Despite their massive advances in the arcades, Sega’s share of the home market plummeted to 35% by 1994. That year, Sega released theSega 32X in an attempt to upgrade the Mega Drive/Genesis to the standards of more advanced systems. It sold well initially, but had problems with lack of software and hype about the upcoming Sega Saturn and Sony‘s PlayStation. Within a year, it was in the bargain bins of many stores.Also in 1994, Sega launched the Sega Channel, a subscription gaming service delivered by local cable companies affiliated with Time-WarnerCable or TCI through which subscribers received a special cartridge adapter that connected to the cable connection. At its peak, the Sega Channel had approximately 250,000 subscribers.
On May 11, 1995, Sega released the Sega Saturn (with Virtua Fighter) in the American market, which utilized two 32-bit processor and preceded both the PlayStation and the Nintendo 64. However, poor sales in the West (including the traditional stronghold markets in Europe) led to the console being abandoned. Notable titles include several titles exclusive to the Japanese market, like Radiant Silvergun andSakura Taisen, involving fighting games like Last Bronx, rail shooters, such as Panzer Dragoon and The House of the Dead and a few well regarded RPGs; Panzer Dragoon Saga, Grandia, and Shining Force 3.
In 1997, Sega entered into a short-lived merger with Bandai. However it was later called off, citing “cultural differences” between the two companies. Entertainment fun center GameWorks was founded in 1997 as well as the now defunct Sega World theme parks.
On November 27, 1998, Sega launched the Dreamcast game console in Japan. The Dreamcast was competitively priced, partly due to the use of off-the-shelf components, but it also featured technology that allowed for more technically impressive games than its direct competitors, theNintendo 64 and PlayStation. An analog 56k modem was also included, allowing gamers to play multi-player games online on a home console for the first time, featuring titles such as the action-puzzle title Chu Chu Rocket, Phantasy Star Online, the first console-based MMORPG, and the innovative Alien Front Online, the first console game with online voice chat. The Dreamcast‘s launch in Japan was a failure. Launching with a small library of software and in the shadow of the upcoming PS2, the system would not gain great success, despite several successful games in the region. The Western launch a year later was accompanied by a large amount of both 1st party and 3rd party software and an aggressive marketing campaign. It was extremely successful and earned the distinction of “most successful hardware launch in history,” selling a then-unprecedented 500,000 consoles in its first week in North America. Sega was able to hold onto this momentum in the US almost until the launch of Sony’s PlayStation 2. The Dreamcast is home to several innovative and critically acclaimed games of the time, including one of the first cel-shaded titles, Jet Set Radio (Jet Grind Radio in North America); Seaman, a game involving communication with a fish-type creature via microphone; a rhythm game involving the use of maracas, Samba de Amigo; and Shenmue, an adventure game of vast scope with freeform gameplay and a striking attempt at creating a detailed in-game city. Despite receiving critical acclaim, these titles failed to garner much public attention in the face of the upcoming PlayStation 2 launch.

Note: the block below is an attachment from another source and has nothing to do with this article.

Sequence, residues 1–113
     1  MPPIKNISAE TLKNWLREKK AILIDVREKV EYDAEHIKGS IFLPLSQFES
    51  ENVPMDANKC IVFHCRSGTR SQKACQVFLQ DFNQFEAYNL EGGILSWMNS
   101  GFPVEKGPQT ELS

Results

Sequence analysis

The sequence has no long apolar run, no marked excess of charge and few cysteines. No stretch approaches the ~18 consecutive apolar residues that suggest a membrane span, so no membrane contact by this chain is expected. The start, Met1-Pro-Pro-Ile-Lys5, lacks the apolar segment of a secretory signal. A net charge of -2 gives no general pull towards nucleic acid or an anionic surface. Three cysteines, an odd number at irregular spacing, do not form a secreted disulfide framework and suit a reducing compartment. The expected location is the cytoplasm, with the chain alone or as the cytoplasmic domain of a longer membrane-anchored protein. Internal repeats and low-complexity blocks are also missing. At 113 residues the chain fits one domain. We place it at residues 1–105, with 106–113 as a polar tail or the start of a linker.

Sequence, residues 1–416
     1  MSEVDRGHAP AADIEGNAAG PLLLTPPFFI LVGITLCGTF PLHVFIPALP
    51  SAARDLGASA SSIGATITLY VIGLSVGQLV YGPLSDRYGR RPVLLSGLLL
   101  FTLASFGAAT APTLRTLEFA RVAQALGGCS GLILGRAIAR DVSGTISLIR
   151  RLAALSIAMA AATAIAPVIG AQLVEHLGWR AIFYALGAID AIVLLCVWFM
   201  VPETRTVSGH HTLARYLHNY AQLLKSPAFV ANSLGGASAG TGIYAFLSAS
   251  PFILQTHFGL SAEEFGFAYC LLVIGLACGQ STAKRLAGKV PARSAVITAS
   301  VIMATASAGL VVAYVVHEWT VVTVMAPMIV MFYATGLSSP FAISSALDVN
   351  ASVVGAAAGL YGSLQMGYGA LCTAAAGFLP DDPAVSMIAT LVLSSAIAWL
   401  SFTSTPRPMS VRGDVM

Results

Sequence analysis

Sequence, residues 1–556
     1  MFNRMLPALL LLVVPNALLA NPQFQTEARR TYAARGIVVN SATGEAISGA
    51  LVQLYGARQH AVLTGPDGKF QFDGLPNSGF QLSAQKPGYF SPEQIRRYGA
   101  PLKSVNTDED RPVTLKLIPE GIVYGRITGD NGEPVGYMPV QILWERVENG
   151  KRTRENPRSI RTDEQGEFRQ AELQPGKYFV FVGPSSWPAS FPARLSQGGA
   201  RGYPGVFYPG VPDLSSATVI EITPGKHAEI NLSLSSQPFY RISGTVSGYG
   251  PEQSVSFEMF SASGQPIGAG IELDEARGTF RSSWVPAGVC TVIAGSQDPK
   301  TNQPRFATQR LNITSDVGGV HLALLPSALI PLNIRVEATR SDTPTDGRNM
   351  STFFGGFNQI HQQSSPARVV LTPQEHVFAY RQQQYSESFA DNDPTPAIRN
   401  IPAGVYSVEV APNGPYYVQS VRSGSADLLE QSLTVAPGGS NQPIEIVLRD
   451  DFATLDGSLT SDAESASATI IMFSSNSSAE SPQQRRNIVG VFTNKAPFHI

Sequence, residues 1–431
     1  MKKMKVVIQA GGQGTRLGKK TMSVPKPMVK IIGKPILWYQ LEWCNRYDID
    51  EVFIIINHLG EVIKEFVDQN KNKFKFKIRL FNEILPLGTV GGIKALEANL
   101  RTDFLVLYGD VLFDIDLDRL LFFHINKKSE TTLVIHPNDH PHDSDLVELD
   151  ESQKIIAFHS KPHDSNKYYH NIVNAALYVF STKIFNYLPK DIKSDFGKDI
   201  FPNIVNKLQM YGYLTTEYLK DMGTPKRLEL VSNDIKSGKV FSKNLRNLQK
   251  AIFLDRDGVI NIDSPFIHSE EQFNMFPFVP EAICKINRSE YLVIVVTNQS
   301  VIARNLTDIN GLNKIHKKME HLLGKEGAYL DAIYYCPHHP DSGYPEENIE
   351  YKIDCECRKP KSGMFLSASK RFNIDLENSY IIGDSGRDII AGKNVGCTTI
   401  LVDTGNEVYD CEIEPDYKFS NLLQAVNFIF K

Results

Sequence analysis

Faced with debt and competition from Sony, Nintendo, and Microsoft, Sega officially discontinued the Dreamcast hardware in 2001. The final game Sega released for it was Puyo Puyo Fever in 2004.
AND ITS BEEN DOWN HILL SINCE THEN
Tech nerd Read more from this author